Nationalist Front (United States)
|Part of the Politics and elections and Politics series on|
Nationalist Front was a loose coalition of United States-based neo-Nazi, neo-fascist, white nationalist/white supremacist, Southern Nationalist/neo-Confederate, and alt-right groups.[better source needed]
History and activities
Conceived by the leaders of the neo-Nazi groups National Socialist Movement (NSM) and Traditionalist Worker Party (TWP), the coalition was formed in 2016. Its aim was to unite white supremacist and white nationalist groups under a common umbrella. Originally the group was named the Aryan Nationalist Alliance and was composed of neo-Nazi, Ku Klux Klan and White power skinhead organizations, the logo of the group was two hands joined together with the Celtic Cross in the background and multiple Wolfsangels in the circle. The coalition later rebranded itself as the Nationalist Front with a logo that had the group initials "NF" inside a white background with a black circle with stars and the slogan "Iunctus Stamus" (United We Stand) it would also be later joined by the neo-Confederate League of the South, the neo-Nazi/alt-right Vanguard America and four other groups such as the Aryan Strikeforce.
The ideology of the Nationalist Front centers on a desire for a white ethnostate. The groups participated in the August 2017 Unite the Right rally in Charlottesville, Virginia. Earlier in the year, it organized the white supremacist rally in Pikeville, Kentucky which attracted 100 to 125 supporters.
White Lives Matter rally
The Nationalist Front was a key organizer of the "White Lives Matter" rally in Shelbyville and Murfreesboro, Tennessee in October 2017. Participating groups included: NSM, TWP, League of the South, Vanguard America, The Right Stuff, and Anti-Communist Action.
The Shelbyville rally took place as scheduled, with about 100 "White Lives Matter" supporters and about 200 counter-protestors. The afternoon event in Murfreesboro was cancelled by the organizers; the authorities estimated that 800 to 1000 people took part in the anti-racist march and counter-protest. In addition, local community and faith activists organized an off-site rally under the moniker of "Murfreesboro Loves". Hundreds participated in the event in support of refugees and minorities.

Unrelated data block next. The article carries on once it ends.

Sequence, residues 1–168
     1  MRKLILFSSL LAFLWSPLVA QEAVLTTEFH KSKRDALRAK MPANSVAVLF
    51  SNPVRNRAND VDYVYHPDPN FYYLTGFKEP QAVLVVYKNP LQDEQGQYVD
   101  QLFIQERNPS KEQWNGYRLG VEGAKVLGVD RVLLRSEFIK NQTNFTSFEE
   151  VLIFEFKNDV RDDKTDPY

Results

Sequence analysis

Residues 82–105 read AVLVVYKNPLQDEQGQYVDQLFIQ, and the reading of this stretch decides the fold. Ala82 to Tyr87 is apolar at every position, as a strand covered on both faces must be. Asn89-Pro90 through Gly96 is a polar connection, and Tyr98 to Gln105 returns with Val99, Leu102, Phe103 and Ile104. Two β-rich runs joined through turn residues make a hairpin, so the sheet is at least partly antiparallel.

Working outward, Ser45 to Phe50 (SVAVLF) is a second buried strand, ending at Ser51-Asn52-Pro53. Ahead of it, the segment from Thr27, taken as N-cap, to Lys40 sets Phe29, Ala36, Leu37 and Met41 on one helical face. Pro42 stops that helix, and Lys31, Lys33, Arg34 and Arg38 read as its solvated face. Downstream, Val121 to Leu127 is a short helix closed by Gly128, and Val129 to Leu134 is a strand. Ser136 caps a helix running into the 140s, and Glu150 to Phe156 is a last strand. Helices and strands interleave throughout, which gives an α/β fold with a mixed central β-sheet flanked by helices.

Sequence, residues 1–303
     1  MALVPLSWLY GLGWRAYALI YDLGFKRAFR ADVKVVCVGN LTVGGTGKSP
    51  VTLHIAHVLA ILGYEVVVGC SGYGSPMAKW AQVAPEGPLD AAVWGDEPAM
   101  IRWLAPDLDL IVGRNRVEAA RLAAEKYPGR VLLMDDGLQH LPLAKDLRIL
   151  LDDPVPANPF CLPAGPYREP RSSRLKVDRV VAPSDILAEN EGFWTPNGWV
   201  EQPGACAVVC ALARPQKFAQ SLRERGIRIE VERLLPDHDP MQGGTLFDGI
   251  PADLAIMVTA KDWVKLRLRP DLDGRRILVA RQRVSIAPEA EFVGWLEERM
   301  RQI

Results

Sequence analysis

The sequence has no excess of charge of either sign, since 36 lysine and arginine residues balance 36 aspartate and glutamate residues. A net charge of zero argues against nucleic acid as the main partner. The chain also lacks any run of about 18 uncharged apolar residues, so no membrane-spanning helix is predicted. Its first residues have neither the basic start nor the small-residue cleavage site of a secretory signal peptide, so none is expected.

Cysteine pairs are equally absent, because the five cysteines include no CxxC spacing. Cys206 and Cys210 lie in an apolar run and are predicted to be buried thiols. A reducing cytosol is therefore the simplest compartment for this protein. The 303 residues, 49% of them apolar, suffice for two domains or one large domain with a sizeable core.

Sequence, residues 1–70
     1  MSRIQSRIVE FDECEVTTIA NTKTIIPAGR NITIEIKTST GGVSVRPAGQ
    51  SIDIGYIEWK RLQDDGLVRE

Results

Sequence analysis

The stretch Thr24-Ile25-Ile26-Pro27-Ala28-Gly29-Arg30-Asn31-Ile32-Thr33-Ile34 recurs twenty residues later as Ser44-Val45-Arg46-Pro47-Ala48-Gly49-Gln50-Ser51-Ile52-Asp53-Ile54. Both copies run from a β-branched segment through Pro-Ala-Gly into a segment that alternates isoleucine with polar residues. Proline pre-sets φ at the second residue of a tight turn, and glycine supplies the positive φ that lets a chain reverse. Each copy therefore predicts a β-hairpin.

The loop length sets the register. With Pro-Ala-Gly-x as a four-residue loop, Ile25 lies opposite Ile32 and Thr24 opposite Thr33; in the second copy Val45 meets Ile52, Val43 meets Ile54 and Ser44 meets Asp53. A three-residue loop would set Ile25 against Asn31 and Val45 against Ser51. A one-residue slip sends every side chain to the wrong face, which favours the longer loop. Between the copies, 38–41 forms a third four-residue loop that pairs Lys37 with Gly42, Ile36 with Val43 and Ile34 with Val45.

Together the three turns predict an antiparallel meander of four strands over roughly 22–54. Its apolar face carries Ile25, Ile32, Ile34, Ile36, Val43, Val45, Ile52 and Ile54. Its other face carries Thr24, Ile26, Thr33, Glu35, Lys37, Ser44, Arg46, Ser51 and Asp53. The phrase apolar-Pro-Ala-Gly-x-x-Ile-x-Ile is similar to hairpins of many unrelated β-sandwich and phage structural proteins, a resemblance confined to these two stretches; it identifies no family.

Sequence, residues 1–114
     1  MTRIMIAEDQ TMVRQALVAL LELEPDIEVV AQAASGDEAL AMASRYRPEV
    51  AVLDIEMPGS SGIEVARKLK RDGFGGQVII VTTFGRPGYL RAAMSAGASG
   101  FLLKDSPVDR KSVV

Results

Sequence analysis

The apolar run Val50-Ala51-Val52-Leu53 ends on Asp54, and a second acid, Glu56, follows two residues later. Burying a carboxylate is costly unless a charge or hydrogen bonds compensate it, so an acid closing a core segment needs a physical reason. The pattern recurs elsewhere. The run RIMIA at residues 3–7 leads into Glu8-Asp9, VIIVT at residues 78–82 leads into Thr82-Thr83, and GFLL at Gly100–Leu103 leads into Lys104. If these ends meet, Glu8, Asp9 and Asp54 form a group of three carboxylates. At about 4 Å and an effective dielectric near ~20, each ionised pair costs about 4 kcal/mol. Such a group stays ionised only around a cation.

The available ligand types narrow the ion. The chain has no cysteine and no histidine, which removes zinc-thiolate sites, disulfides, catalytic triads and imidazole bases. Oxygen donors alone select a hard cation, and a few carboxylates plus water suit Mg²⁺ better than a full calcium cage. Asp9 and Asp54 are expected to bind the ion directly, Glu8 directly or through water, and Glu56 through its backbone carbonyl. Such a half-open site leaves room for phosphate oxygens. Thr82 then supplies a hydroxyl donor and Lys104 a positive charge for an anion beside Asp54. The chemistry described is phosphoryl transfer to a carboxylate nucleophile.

- National Socialist Movement (2017-)
- Traditionalist Worker Party (2017-2018; defunct)
- League of the South (2017-2018, defected)
- Vanguard America (2017-, splintered into Patriot Front)
- "America's dark underbelly: I watched the rise of white nationalism | World news | The Guardian". deepweb.to/?. 2019-03-04. Retrieved 2020-01-07.
- "Meet the Aryan Nationalist Alliance - A Racist Hodepodge Doomed To Fail" Southern Poverty Law Center.
- "National Socialist Movement/Nationalist Front Anti-Defamation League
- Staff (August 8, 2017) "Nationalist Front Limps in 2016" Southern Poverty Law Center
- Allison, Natalie (October 25, 2017) "4 extremist groups that will be part of weekend's White Lives Matter rallies", USA Today
- Smith IV, Jacck (October 11, 2017) "White nationalist alliance plans 'White Lives Matter' rally for Tennessee" Mic.com
- Staff (October 24, 2017) "White Supremacist Nationalist Front Plans Rallies in Tennessee", Anti-Defamation League blog
- Timms, Mariah and Allison, Natalie (October 27, 2017) "White Lives Matter Murfreesboro rally: What we know now", The Tennessean
- Staff (October 24, 2017) "The far right returns to middle Tennessee", Hatewatch
- Lowery, Wesley (October 28, 2017) "‘White Lives Matter’ organizers cancel second rally after taunts from counterprotesters", The Washington Post
- Junewicz, Nikki (October 29, 2017) "'Murfreesboro Loves' protests white nationalism from a distance", Fox17.com
- "League of the South secedes from the Nationalist Front". August 22, 2018. Retrieved October 19, 2018.
- "In Pictures: Racists For Trump On Display At White Lives Matter Rally", a selection of photos from the "White Lives Matter" rally, via PoliticusUSA